And the song changes at 1.58 mark with a bass groove, lush keys and a progressive like vocal melody. Morse at first is playing single note lines before crashing in with power chords and distorted single notes, paving the way for Jon Lord and his Hammond Organ solo.

“A Touch Away”

It’s got that feel good 70’s progressive vibe.

“Hey Cisco”

It sounds like “Hit The Road Jack” on steroids. Hell, it could have come from a Van Halen album. Make sure you stick around for the guitar and organ harmonies from about 4.08 and then Morse breaks loose with his fast alternate picked Mixolydian lines.

“Somebody Stole My Guitar”

What a riff to introduce the song. It grooves, its heavy and bluesy. I haven’t mentioned the swing and soul feel of Ian Paice yet, but man, this dude can play.

At the 2 minute mark, Morse starts this palm muted arpeggio riff, while Lord plays these Organ chords before Morse launches into the solo, while Lord plays the palm muted arpeggio riff on the Organ.

Brilliant.

“The Purpendicular Waltz”

It’s a blues shuffle built around a cool groove and a great closer to the album.

For all the debate about Blackmore and Morse, forget it.

Listen without prejudice.

Bruce Dickinson – Skunkworks

I didn’t like this album when I first heard it. And it stayed on the shelf for a long time before I pulled it out and re-listened. I still didn’t like it and back on the shelf it went. But over the last 8 years, the album has taken a life on its own.

I didn’t get it back then, but goddamn this album sounds progressive. The cover design from Storm Thorgerson (RIP) should have been an indication of its progressive intentions, but it escaped me.

It was meant to be a band album but the label wouldn’t release it under anything except Bruce Dickinson. Jack Endino a Seattle producer who worked on Nirvana’s “Bleach” is producing. The sound is like an amalgamation of 80’s Rush with alternative rock and metal.

And I’ve never heard of Alex Dickson again after this album but he does a stellar job on the guitar and as a co-writer on all the songs. But as Rod Smallwood said, “Bruce Dickinson is a heavy metal singer and that will never change”. His attempt to shake off the image of his Maiden past was futile.

“Back From The Edge” has double time drumming over a jangly chord progression, but it’s the bridge and solo section which gets me interested.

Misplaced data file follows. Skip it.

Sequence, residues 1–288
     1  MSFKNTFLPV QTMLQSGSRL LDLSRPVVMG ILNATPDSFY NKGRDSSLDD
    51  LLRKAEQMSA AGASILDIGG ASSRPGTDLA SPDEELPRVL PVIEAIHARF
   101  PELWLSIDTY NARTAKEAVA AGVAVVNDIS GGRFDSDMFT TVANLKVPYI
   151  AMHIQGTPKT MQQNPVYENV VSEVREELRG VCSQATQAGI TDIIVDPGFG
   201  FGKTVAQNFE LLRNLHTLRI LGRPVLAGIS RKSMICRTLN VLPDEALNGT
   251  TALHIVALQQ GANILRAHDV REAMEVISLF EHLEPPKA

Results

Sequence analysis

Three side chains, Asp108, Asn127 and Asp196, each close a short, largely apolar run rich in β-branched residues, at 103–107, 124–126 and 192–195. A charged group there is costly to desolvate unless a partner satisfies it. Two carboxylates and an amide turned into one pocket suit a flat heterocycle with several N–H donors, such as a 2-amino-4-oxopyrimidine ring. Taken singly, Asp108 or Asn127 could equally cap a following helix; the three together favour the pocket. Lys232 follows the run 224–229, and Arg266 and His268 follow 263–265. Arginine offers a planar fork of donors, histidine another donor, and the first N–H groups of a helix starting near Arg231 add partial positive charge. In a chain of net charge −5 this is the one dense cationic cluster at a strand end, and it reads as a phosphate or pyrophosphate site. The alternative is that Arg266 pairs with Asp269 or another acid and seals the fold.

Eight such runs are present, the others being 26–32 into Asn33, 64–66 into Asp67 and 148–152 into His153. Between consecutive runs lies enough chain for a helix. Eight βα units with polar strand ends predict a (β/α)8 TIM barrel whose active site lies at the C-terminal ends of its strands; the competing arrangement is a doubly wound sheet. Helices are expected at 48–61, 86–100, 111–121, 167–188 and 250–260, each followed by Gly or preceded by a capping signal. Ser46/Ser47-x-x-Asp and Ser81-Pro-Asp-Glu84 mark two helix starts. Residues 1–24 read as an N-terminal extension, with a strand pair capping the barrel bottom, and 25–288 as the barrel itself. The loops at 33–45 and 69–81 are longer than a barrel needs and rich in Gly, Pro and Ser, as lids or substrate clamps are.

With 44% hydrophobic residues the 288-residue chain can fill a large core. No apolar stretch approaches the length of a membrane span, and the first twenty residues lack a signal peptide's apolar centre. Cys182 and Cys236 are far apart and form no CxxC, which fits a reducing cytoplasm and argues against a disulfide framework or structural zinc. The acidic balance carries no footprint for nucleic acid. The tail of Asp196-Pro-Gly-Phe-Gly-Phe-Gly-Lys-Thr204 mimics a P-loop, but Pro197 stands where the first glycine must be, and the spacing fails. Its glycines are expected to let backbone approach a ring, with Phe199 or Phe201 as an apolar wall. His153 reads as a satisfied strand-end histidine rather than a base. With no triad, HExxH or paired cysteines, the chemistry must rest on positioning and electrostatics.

“Inertia” could have come from any Maiden album, past or future.

How good is the riff to kick off “Faith”?

At times I feel like I am listening to a Dream Theater cut from the “Falling Into Infinity” album with this song.

Make sure you check out the solo section.

“Dreamstate” in the verses sounds like a Nirvana cut. Yes, that’s right folks, Bruce is channeling Cobain.

How good is “I Will Not Accept The Truth”. Listen to the repeating arpeggios in the verses. Sinister and melodic in the same breadth.

The whole mood and groove in the interlude/solo section of “Strange Death In Paradise” while Dickinson sings the title is a must listen for any Dickinson fan.

In the end, unless you were interested in what Dickinson was up to, there was nothing really here to get you to commit. Then again, the 90’s was an interesting time for 80’s artists and the fans of those artists.

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6 thoughts on “1996 – Part 1.4: Bush, Deep Purple and Bruce Dickinson

  1. That Purple one is good. Bush when they first came out in Canada were known as Bush X as another band owned the rights. They settled and are now known as Bush here as well. I never really heard that Bruce one. Maybe I need to at some point.

  2. Bush did seem to a get a raw deal. For me, their albums were inconsistent, but their singles were great. I have to admit, their latest album is amazing. I liked everything on it. Best thing they’ve done in years. Don’t know the DP one or the Dickinson one though.

  3. Ken Taylor says:

    Bruce Dickinson, have all his albums, and i could talk day about them, I loved the live albums, Alive in studio A I think one was called and thinking it was the band from Balls to Picasso with Roy Z, after reading his book found out was the band from Skunkworks, then i started getting back into Skunkworks, and now i give it more time and agree with you. But The Chemical Wedding is a masterpiece!